Last week, I noted the extent to which opposition to same-sex marriage and opposition to abortion are still linked tightly together. With its new anti-abortion law—and long-standing ban on gay marriage—Alabama is the latest state to prove the point : Alabama lawmakers late Tuesday gave final passage to a measure placing stricter regulations on clinics that provide abortions. […] The bill requires abortion clinics to use doctors who have approval to admit patients to hospitals in the same city. Some clinics now use doctors from other cities that don’t have local hospital privileges. A similar law in Mississippi is threatening to close that state’s only abortion clinic, which is challenging the law in court. The bill also sets stricter building requirements, including wider halls and doors and better fire suppression systems. The state Department of Public Health, which regulates Alabama’s five abortion clinics, reports that most will not meet the stricter standards. These laws are...

Republicans Still Oppose Abortion and Same-Sex Marriage, Democrats Still Support Them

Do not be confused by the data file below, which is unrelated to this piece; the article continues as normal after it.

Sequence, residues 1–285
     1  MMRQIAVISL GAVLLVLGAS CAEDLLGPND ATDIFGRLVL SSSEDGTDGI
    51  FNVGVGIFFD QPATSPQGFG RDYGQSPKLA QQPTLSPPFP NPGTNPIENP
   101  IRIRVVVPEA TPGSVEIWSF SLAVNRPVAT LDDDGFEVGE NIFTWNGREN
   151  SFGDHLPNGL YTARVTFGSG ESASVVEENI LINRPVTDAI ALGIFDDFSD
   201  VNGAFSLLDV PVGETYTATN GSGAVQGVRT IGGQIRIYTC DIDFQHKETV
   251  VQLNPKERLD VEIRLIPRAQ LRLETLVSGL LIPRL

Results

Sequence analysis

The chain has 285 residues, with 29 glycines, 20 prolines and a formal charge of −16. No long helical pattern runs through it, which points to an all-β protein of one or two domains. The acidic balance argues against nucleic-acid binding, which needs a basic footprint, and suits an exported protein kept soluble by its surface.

Talking Points Memo
Here's a contrast: At the same time the Supreme Court held oral arguments on a case that could legalize same-sex marriage, North Dakota lawmakers passed one of the most restrictive abortion bans in the nation. It's a sign, argues Sarah Kliff in The Washington Post , that the two have decoupled as issues of controversy, "Younger Americans have become increasingly supportive of gay marriage in a way that hasn’t necessarily happened for abortion rights." On the whole, "Millennials" are just as ambivalent on abortion rights as their older counterparts. To wit, only 50 percent of Americans under the age of thirty believe abortion should be legal in all or some cases, compared to 54 percent of Americans in their 30s and 40s, and 55 percent of Americans in their 50s and 60s. But is this evidence of a "decoupling" of the two issues? In terms of public opinion, the information is clear—it is. But polls aren't the same as political coalitions, and it's harder to say the parties have changed...

Paul Ryan Is Way More Anti-Abortion Than You Thought

(Speaker Boehner/Flickr)